PHIUS+ and DOE Challenge Home Partnership


On Monday, August 20, the U.S. Department of Energy (DOE) announced a new partnership between the DOE Challenge Home program and the Passive House Institute US to cooperate on the promotion of various levels of high-performance buildings on the path to zero net-energy.

This news is a huge development for the passive house community and for PHIUS. The endorsement of PHIUS+ passive house certification through the DOE instantly makes passive house the most energy efficient option for builders, designers and developers who want to achieve a zero energy building. This recognition will go a long way toward making passive house mainstream.

This took a lot of time and effort, and we owe thanks to Sam Rashkin, Chief Architect at the DOE, whose knowledge, vision and determination were critical to the effort. (Sam was the keynote at last year’s North American Passive House Conference.)

So, how does this partnership change current PHIUS+ passive house certification and what do consultants need to know?

In a nutshell: not much. A passive house already fulfills most of the Challenge Home requirements – certification essentially remains the same process with a few minor additions! Those additions are very good improvements, making the home even better. Indoor air quality requirements ask for low VOC materials and the water efficiency requirements establish a reasonable savings baseline, all good things.

The Challenge Home requires rigorous third-party, on-site verification, which already is part of PHIUS+. PHIUS+ certified RESNET Raters already use an advanced passive house checklist created specifically for passive houses. (This testing protocol is actually more rigorous than the one the Challenge Home is using.)

What Challenge Home brings to the table that PHIUS+  did not before is a more formalized exterior water management and flashing checklist. Having seen quite a few bad water management details during certification so far, we are happy to add a more formalized process to assure the long term durability of the house. QAQC is crucial to assure quality in execution, actual performance and peace of mind for the client we found.

The most noteworthy change will be the inexpensive requirement to install provisions for a future renewable system. Solar readiness must be built in so that getting to zero with a small affordable renewable system down the road is possible without any hassle, the right thing to do to show that we are walking the talk!

Beginning with all newly signed contracts starting September 1, 2012, PHIUS will provide a one stop-shopping option: Getting certified under PHIUS+ simultaneously gets the Challenge Home label and the Energy Star label, all which enhance market recognition and incentive opportunities. Best of all, it’s all for the same price as before.

Mark Miller, executive Director of the Passive House Alliance US is organizing a webinar  to discuss the partnership and to give everybody the opportunity to ask clarifying questions. And my conference presentation in Denver will be on this topic, more opportunity to ask for more detailed information.

Hope to see (hear and read) you at the webinar and in September at the leading passive house event of the year, the 7th Annual Passive House Conference in Denver!

Kat

 

Smith House gets an upgrade – first “magic box” made in the USA

The shiny new CERV from Newell Instruments, before installation.

Two weeks ago a team from Newell Instruments showed up at the Smith House—the passive house I designed and built as my residence several years ago in Urbana, Ill.– with a new appliance. A day later, Smith house had been upgraded from a European ventilator to the very first “magic box” designed and built in America.  (If all goes as planned, the new device will be marketed and distributed by a Newell division called Equinox Built Environment Engineering, www.buildequinox.com).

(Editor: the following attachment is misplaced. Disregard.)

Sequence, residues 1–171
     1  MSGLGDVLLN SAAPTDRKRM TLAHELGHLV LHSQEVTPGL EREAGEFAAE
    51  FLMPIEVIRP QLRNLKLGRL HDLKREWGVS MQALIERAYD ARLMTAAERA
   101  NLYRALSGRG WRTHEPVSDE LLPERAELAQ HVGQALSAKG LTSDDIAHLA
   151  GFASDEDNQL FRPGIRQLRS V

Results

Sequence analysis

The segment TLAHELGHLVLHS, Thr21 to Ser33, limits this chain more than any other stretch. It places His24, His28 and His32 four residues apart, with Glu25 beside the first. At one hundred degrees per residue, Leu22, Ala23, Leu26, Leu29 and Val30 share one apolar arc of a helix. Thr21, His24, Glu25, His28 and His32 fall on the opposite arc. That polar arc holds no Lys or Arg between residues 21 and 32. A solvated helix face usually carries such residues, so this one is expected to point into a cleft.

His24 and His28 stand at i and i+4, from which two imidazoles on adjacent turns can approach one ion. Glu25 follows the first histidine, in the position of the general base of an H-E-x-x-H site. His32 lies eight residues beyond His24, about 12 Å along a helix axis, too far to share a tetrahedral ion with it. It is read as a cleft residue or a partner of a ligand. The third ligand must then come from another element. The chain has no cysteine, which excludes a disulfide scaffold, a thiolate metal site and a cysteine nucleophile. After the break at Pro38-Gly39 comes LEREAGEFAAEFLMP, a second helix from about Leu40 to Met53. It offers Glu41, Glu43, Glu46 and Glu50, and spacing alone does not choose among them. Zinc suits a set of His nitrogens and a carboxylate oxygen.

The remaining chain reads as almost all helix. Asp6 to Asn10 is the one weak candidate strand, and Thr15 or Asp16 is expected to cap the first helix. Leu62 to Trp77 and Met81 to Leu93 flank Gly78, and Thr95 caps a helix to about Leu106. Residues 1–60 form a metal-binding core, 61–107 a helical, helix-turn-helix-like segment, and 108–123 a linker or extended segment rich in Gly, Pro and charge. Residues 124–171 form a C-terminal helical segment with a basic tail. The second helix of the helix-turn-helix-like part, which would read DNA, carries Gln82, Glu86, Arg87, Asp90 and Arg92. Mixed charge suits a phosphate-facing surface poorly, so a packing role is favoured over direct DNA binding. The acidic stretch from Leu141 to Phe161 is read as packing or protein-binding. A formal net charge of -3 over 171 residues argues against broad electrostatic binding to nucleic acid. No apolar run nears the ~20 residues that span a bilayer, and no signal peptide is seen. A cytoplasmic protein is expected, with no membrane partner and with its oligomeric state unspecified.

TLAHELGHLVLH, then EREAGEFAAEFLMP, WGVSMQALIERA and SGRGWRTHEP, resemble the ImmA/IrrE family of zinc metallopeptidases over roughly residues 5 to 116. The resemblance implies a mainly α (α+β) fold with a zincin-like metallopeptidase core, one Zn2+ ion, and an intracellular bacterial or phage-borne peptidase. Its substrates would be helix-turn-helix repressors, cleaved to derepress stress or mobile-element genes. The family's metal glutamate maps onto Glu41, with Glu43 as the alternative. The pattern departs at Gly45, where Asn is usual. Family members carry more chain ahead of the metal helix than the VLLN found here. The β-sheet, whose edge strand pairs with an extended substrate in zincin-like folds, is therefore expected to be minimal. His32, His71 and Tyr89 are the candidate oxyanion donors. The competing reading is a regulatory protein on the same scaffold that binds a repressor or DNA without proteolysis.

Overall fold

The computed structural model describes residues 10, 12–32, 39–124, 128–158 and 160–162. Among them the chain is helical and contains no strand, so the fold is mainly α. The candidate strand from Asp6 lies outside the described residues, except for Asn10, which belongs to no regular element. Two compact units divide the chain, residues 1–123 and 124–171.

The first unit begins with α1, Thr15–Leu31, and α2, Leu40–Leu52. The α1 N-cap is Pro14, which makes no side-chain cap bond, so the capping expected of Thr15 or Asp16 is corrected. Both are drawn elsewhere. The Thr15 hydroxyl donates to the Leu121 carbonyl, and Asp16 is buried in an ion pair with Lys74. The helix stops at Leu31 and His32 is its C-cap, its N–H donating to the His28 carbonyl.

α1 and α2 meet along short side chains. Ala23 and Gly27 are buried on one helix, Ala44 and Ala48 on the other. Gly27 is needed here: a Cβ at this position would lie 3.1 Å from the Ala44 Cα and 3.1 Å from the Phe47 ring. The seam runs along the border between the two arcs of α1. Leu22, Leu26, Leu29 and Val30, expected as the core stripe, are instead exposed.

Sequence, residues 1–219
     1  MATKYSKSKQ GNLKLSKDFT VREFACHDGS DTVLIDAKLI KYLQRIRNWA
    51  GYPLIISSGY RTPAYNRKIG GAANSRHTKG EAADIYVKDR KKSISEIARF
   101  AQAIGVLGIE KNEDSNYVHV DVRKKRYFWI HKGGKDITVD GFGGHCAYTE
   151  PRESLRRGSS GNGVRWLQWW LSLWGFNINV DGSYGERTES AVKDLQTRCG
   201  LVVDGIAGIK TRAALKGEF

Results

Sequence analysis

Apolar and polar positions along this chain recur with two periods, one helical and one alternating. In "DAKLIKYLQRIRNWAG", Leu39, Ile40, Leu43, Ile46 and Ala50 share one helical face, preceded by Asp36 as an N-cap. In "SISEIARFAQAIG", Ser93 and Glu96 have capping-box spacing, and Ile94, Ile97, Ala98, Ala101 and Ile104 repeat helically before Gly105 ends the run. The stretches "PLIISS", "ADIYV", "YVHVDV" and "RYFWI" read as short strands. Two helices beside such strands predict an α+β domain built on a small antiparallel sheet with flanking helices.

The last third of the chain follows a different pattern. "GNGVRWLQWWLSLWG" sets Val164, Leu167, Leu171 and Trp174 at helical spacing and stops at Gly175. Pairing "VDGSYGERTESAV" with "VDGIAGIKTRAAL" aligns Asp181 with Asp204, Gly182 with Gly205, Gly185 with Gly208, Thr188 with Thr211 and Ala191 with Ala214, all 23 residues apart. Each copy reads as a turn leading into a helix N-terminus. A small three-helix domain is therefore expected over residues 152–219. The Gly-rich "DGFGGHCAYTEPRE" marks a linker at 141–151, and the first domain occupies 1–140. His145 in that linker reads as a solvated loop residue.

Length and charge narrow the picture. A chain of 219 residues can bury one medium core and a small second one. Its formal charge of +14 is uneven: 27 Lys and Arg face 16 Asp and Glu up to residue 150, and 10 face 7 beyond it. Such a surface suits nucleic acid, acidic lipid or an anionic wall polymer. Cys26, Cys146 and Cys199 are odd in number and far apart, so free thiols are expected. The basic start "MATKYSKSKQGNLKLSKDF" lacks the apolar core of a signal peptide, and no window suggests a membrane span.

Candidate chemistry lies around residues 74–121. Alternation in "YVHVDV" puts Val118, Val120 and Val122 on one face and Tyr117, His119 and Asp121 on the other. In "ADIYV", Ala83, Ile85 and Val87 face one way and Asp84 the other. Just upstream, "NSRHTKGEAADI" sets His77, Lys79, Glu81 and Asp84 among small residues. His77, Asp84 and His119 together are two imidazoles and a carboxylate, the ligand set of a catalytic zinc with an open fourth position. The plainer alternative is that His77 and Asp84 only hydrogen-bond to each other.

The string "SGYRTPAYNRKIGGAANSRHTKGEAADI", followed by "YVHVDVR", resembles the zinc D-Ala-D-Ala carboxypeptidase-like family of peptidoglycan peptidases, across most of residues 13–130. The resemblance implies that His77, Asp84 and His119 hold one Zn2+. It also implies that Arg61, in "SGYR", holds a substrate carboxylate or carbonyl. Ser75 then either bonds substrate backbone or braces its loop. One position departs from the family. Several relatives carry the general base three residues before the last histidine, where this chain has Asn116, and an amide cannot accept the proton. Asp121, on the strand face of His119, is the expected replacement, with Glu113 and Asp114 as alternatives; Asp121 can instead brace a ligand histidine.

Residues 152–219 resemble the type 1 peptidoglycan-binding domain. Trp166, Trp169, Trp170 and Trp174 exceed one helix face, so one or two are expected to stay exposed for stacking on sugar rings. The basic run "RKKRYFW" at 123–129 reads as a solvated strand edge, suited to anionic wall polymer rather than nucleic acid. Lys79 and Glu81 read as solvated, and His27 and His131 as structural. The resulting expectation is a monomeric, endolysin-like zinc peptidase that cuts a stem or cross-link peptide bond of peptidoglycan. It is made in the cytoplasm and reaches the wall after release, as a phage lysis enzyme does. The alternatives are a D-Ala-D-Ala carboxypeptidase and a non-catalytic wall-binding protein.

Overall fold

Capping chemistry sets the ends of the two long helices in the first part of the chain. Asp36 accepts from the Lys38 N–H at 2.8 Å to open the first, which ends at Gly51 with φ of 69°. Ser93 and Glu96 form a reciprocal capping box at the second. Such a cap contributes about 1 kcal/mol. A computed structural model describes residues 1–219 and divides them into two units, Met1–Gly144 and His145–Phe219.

It was a big day, and the culmination of lots of hard work. Four years earlier Ty and Ben Newell (the father and son team behind Newell Instruments) presented in Duluth at the 3rd Annual North American Passive House Conference on their invention in progress: the CERV (for conditioning energy recovery ventilator) was still a cardboard and duct-tape prototype at that point. Now the unit is in its last phases of the Underwriters Laboratory approval process and is nearly market ready!

Ben Newell

During  the 7th North American Passive House Conference in Denver (September 27-30) the Newells will present the finished product to the passive house community for the first time ever. It truly is a magic box: a compact heat pump unit designed to integrate the challenges of complex climates for  heating, cooling and dehumidification and the need for ventilation.

Heating, cooling, dehumidification, ventilation, all in one.

Its capacity is roughly 1000-1200 Watts and it is designed to be modular; if one unit does not suffice for your project(very cold climate, very hot climate or larger project), simply add a second one.

Ty Newell

In the Smith House scenario, the unit is being tested in a passive house application for the first time.  In addition, it will be coupled with an earth tube and that will be monitored. Will pre-heating and/or pre-cooling and passive dehumidification add to the capacity? We’ll find out—and report on it in Denver.

In the meantime, we are all very excited and are watching and hoping for another few 90+ degree days in late August to put the CERV to the test.

A final price has not been decided yet but will certainly be very competitive with piecing individucal components together. One small unit will take care of all: heating, cooling, ventilation and dehumidification. Might we finally tunnel through the cost barrier?

Hope to see you in Denver and stay tuned here at the blog.

Kat